• Inventory: Total housing inventory at the end of August dropped 2.1 percent to 1.88 million existing homes available for sale, and is now 6.5 percent lower than a year ago. Unsold inventory is at a 4.2-month supply at the current sales pace, down from 4.5 months a year ago.
  • Days on the market: Fifty-one percent of homes sold in August were on the market for less than a month. Properties typically stayed on the market for 30 days in August, down from 36 days a year ago.
  • All-cash sales: All-cash transactions comprised 20 percent of transactions in August, down from 22 percent a year ago. Individual investors account for the biggest bulk of cash sales. Investors purchased 15 percent of homes in August, up from 12 percent a year ago.
  • Distressed sales: Foreclosures and short sales accounted for 4 percent of sales in August, slipping from 5 percent a year ago. Broken out, 3 percent of sales in August were foreclosures, and 1 percent were short sales.

Source: National Association of REALTORS®; REALTOR® Magazine Online; Daily Real Estate News 092017

Greater Nashville August Home Sales Strengthen; Condominiums Set Record Median Price

Greater Nashville August Home Sales Strengthen; Condominiums Set Record Median Price
Press Release by the Greater Nashville REALTORS® | September 7, 2017

House 1018NASHVILLE, Tenn. (Sept. 7, 2017) – There were 3,883 closings reported for the month of August, according to figures provided by Greater Nashville REALTORS®. This represents an increase of 3.8 percent over the 3,741 closings reported for August 2016.

Year-to-date closings total 27,248. That is a 5.2 percent increase compared to the 25,898 closings reported through August 2016.

“2017 has proven to be a remarkable and record-setting year in the real estate industry,” said Greater Nashville REALTORS® President Scott Troxel. “August continued the trend of rising sales, being up three percent over last August. In fact, this is the best month of August we have had in this region in over a decade.

“August was a particularly notable month for condominiums. The condo market experienced its highest median price on record at $207,061. As a whole, the first-time buyer price range, which includes many condominiums, is particularly sparse in terms of inventory, so the rise in median price is understandable. We look expectantly to the building of new units and current owners listing their properties as a way to alleviate some of the strain many first-time buyers are experiencing in the market.”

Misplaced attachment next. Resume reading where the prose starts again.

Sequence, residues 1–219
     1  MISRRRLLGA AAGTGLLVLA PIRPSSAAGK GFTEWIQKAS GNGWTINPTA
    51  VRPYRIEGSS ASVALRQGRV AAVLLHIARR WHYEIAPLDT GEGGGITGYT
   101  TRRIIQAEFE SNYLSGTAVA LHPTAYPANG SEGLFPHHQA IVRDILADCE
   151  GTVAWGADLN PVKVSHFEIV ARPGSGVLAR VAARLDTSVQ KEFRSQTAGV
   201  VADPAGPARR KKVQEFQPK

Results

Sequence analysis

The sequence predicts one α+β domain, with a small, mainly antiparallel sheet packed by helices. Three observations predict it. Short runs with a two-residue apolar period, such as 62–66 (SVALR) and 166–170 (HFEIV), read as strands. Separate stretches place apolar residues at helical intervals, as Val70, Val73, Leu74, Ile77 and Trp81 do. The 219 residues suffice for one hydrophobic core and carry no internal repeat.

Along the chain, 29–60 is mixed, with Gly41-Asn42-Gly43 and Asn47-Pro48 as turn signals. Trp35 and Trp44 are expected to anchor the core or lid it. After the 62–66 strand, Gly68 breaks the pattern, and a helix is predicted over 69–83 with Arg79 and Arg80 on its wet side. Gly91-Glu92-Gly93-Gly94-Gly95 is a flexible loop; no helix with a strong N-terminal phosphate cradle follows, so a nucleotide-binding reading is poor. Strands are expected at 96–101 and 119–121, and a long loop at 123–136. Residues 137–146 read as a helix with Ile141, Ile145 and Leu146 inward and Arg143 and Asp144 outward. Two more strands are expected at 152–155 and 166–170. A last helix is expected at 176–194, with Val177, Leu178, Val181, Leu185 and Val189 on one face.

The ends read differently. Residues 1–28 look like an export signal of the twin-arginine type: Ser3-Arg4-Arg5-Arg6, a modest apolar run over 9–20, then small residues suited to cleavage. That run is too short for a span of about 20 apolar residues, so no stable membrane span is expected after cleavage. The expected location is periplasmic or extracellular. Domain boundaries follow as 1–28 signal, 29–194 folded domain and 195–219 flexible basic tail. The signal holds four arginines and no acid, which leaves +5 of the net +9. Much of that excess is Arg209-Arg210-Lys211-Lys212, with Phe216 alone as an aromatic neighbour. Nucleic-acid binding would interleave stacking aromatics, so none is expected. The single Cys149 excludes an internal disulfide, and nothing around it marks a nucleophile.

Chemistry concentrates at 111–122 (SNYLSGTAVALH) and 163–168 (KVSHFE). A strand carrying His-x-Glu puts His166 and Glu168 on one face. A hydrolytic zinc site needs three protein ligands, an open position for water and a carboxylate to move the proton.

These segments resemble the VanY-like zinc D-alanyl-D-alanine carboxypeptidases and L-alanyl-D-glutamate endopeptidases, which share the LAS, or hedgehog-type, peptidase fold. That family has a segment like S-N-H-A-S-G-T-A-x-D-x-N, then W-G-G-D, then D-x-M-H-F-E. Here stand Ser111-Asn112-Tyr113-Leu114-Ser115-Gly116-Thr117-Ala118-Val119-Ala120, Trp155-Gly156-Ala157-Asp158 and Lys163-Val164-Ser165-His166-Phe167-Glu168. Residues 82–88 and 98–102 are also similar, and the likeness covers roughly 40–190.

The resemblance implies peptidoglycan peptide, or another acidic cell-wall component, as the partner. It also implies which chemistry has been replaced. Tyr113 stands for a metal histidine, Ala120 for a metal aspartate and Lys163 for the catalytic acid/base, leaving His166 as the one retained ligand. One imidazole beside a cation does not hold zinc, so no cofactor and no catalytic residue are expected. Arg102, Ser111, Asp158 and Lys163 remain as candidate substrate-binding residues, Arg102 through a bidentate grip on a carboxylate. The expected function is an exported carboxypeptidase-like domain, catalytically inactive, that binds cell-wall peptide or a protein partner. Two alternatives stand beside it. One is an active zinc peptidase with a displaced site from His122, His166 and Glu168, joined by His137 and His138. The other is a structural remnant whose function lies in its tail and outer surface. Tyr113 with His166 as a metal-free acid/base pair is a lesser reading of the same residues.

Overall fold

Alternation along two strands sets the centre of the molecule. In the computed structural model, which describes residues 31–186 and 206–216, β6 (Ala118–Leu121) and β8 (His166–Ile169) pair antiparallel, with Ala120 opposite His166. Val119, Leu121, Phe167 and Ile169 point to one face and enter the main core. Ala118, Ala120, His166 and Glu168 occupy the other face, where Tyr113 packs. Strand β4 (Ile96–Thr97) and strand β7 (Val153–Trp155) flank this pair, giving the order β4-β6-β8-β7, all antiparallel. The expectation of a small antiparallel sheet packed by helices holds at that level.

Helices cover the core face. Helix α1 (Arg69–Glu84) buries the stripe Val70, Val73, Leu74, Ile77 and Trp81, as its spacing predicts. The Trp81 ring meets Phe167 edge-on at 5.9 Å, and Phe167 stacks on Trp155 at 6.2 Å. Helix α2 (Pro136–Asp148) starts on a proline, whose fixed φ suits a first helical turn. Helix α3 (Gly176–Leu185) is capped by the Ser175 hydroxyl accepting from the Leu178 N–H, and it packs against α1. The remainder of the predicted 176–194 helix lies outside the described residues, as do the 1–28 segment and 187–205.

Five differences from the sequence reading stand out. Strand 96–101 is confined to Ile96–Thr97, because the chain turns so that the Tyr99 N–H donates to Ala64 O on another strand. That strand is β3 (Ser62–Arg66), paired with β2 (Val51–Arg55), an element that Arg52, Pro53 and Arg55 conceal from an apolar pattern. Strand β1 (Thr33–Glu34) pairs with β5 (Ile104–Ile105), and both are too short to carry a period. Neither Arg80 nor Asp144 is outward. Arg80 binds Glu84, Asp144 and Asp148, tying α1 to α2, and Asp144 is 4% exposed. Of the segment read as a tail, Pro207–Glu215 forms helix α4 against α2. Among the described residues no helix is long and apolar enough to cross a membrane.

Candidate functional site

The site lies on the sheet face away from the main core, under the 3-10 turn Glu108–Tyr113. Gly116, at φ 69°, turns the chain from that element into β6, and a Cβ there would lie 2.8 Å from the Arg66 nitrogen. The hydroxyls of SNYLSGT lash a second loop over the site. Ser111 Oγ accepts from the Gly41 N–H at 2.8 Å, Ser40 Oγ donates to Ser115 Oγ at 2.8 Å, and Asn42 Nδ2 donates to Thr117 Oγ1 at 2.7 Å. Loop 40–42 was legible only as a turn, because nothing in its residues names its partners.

There were 3,939 properties under contract at the end of the month, compared to the 3,447 properties under contract at this time last year. The average number of days on the market for a single-family home was 25 days.

The median residential price for a single-family home during August was $285,000 and for a condominium, it was $207,061. This compares with last year’s median residential and condominium prices of $253,000 and $189,900, respectively.

Active inventory at the end of August was 9,208, down from 10,270 in 2016.

“Renewing the National Flood Insurance Program (NFIP) is one of the highest priorities for the National Association of REALTORS®. Middle Tennessee is all too familiar with what flooding can do to an area, and Hurricane Harvey certainly shifted the country’s focus to the impact and devastation a water and weather event can cause,” said Troxel. “This type of natural disaster is another blow to a national market already struggling to provide housing for all those who want it. Greater Nashville REALTORS® proudly financially supported both NAR’s REALTORS® Relief Foundation and the Texas REALTORS® Relief Fund who are helping to provide shelter for the many who have lost it.”

### Greater Nashville REALTORS® is one of Middle Tennessee’s largest professional trade associations and serves as the primary voice for Nashville-area property owners. REALTOR® is a registered trademark that may be used only by real estate professionals who are members of the National Association of REALTORS® and subscribe to its strict code of ethics. ###

Source: Greater Nashville REALTORS® Press Release 090717

Kenneth Bargers REALTOR® License 318311  |  Pilkerton Realtors License 257352
(615) 512-9836 cellular  •  (615) 915-5901 facsimile  •  kb@bargers-solutions.com email
bargers-solutions.com web  •  kennethbargers.com blog  •  Search Properties
(615) 371-2474 office  •  (615) 371-2475 facsimile  •  2 Cadillac Drive, Brentwood TN 37027 address